Alejandro Tejeda
CEO
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Business Success: Mission, Strategy and Tools

By Alejandro Tejeda | Fri, 09/02/2022 - 11:00

"All happy families are alike and all unhappy families have different reasons for being so.” This sentence is the beginning of the book Anna Karenina, but if we are talking about business, strategy and technology, what does an idea from Leo Tolstoy, written in 1877, have to do with it? 

For me, there are philosophical doctrines that permeate management ideas. In this case, we are making an analogy in which we talk about the importance of a happy family but taking a company as a family. I invite you all to search the internet for all the most important and successful companies and you will realize that they all have the same thing in common: they have a clear mission and from there they derive their strategy and then their tools and tactics.

The goal of a company is not to make a profit. Rather, profit is a necessity and without it, they cannot survive. The goal depends on the company and that can even be a bit romantic. Here are a few examples:

Autodesk: "Create software tools that allow people to experience their ideas before turning them into reality."

Google: "To organize the world's information and make it useful and accessible to everyone."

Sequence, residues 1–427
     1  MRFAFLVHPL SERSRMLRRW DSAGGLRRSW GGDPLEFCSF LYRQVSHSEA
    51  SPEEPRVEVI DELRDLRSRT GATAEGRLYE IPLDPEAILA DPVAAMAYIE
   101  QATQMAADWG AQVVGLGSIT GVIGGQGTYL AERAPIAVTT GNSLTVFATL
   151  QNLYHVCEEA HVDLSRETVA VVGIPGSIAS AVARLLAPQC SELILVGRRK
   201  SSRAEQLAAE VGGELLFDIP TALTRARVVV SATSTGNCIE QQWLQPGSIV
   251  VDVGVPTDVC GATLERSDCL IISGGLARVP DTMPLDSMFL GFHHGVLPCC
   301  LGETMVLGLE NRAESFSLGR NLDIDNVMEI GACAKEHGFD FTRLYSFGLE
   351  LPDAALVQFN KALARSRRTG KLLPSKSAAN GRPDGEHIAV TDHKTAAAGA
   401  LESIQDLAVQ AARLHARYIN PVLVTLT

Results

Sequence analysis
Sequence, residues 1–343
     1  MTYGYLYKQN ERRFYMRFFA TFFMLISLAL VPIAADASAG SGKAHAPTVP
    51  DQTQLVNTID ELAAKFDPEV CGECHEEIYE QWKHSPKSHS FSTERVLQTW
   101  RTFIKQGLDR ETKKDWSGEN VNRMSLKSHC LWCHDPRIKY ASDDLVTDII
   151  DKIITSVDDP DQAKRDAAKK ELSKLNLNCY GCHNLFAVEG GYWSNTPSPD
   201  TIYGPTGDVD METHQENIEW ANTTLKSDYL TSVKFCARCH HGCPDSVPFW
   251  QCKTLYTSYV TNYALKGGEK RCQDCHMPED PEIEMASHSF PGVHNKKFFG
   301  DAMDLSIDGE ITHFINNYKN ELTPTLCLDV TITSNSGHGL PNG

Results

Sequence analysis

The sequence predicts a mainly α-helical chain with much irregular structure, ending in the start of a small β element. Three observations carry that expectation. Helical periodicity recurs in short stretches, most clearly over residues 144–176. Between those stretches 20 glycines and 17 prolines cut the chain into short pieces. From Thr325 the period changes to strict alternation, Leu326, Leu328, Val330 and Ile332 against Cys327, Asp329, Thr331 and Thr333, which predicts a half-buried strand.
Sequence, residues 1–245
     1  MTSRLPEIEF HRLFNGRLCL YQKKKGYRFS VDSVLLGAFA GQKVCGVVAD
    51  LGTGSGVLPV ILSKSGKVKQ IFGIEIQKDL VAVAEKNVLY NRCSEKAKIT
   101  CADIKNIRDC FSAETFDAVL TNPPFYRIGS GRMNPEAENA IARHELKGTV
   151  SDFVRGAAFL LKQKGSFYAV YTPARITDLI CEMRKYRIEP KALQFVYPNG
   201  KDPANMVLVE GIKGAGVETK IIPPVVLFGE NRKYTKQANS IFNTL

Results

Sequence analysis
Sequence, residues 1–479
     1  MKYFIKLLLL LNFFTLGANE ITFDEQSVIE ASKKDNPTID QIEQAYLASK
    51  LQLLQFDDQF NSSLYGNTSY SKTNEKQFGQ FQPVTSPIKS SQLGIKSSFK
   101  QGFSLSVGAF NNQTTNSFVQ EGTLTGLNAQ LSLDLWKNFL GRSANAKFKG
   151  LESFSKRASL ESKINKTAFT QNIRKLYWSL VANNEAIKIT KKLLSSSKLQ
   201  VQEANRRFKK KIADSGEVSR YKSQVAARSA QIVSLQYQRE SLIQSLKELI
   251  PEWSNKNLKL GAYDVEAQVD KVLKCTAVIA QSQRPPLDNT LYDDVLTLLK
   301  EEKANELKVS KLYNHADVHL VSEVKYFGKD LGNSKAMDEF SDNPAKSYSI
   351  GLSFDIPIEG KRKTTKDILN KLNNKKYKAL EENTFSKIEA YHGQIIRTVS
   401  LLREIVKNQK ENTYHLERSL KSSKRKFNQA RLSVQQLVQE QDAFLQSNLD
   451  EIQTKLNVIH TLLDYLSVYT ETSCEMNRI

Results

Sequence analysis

Facebook: "Giving people the power to share and make the world more open and connected."

Spotify: "Giving people access to all the music they want, at any time in a completely legal and accessible way."

Slack: "Making the world simple, more enjoyable and more productive".

Amazon: "We strive to offer our customers the lowest possible prices, the best selection available, and the greatest convenience."

Now that we know where a company has to start from to be successful, it's time to define how to get there ... and that's strategy. The core of the strategy is "what" (the mission) and "to whom" (the script). If you add "how," "when," and "where," you are making the plan or program and defining the tactics.

In the following, I will describe what for me are the determining factors that define the planning that will lead to business success and I will complement these with some tools that can provide support in correctly structuring these factors and some recommendations in this regard:

● What are we going to solve? The mission: It is, as I mentioned previously, the objective for which the company is created, which must be focused on solving something for someone and is always action-oriented.

● Who are we going to solve it for? Market/customers. They are the ones who will generate our income. If we are going to solve something, it must be because there is someone who requires that solution, otherwise there is no point in our mission. To do this, it is necessary to review the market and our potential customers, to prepare our marketing plan and start generating leads, registering them in our CRM tool and closing the sales thanks to the punctual follow-up that the tool organizes for us. Once the sale is generated, it is necessary to also have that process and invoicing considered in an ERP, otherwise it would be very difficult to know the most important sales indicators and we would not have data to make decisions.